Hey, folks. Fresh back from Atlanta, where the Packers lost last night in their NFC championship game rematch to the Falcons, 34-23. Let's get to your questions.
I think it all depends on the severity of David Bakhtiari and Bryan Bulaga's injuries, as well as who's available. It's far from ideal to enter a game against any opponent, much less the Falcons in their house, with Kyle Murphy and Justin McCray as your starting tackles. With that said, to demand the Packers make a move is to assume there's something better available, and that's probably a stretch. If a tackle is available in the middle of September, there's a reason for it. I'm not sure how severe Bakhtiari or Bulaga's injuries are, but considering Bakhtiari did a pregame workout and seriously considered playing, and Bulaga will have four weeks since his ankle sprain by the time the next game comes around, my guess is neither injuries are long-term.
I get the frustration with Damarious Randall. He had a rough night covering Julio Jones, although most corners have rough nights covering Julio Jones. As for Kenny Clark's development, we'll disagree there. Clark had a great camp and played very well in the opener.
As my colleague Pete Dougherty wrote today, the Packers need to just stick with developing Kevin King no matter what lumps there may be. He's clearly the most talented corner on their depth chart, and while a rookie is going to have growing pains, he's looked pretty good when given the opportunity. King didn't have much exposure against Julio Jones on Sunday, but he didn't allow a reception on four targets while on the field. The time is now to start increasing his snaps.
Hope David Bakhtiari and Bryan Bulaga can stay healthy. No team is reaching the Super Bowl playing backups at tackles. That's just reality of this league.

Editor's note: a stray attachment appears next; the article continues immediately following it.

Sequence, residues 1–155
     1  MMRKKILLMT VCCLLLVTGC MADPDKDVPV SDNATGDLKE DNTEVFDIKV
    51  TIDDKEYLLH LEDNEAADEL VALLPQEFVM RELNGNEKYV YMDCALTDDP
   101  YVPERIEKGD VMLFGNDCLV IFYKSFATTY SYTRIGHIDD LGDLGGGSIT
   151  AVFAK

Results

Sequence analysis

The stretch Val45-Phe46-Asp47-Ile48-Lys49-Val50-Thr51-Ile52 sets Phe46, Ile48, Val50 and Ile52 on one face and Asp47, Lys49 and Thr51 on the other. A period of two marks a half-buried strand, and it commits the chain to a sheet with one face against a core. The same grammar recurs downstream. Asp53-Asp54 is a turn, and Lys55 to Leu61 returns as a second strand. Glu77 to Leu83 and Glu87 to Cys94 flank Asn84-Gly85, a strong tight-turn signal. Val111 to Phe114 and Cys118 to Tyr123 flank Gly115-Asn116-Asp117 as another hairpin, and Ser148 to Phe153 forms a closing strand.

The Packers are vastly improved at ILB with Morgan Burnett, and should get even better when Josh Jones starts factoring into the rotation. The way to go at that position is hybrid safety. Clay Matthews had one of his best pass-rush games in recent memory last night. Something for him to build off of.
Can't say I noticed any disinterest in tackling, though maybe that came through more on TV than our seats high in the corner end zone. There were times he took rough angles, and that's been his weakness since entering the draft. Thought it was much better through much of camp, as well as the Packers opener, but I saw some of that last night.
It's people like this, who get so worked up during Week 2, that concern me. Not great for your long-term health.
Pressure wasn't the problem last night; allowing Julio Jones to run wide open in the secondary was.
Primarily, because good offenses don't turn over the ball, and the Packers played a good offense on the road last night. Mike Daniels forced a pretty big turnover against Seattle, if you remember. Swung that game around.
You should keep in mind the Packers defense was better last night than in January. Two touchdowns last night were set up by the offense. To me, the one thing this defense has to figure out against the Falcons is how to cover Julio Jones. He was the difference again, making big plays that win games. Considering they've tried everything in their past two games, I'm not sure where that answer comes from.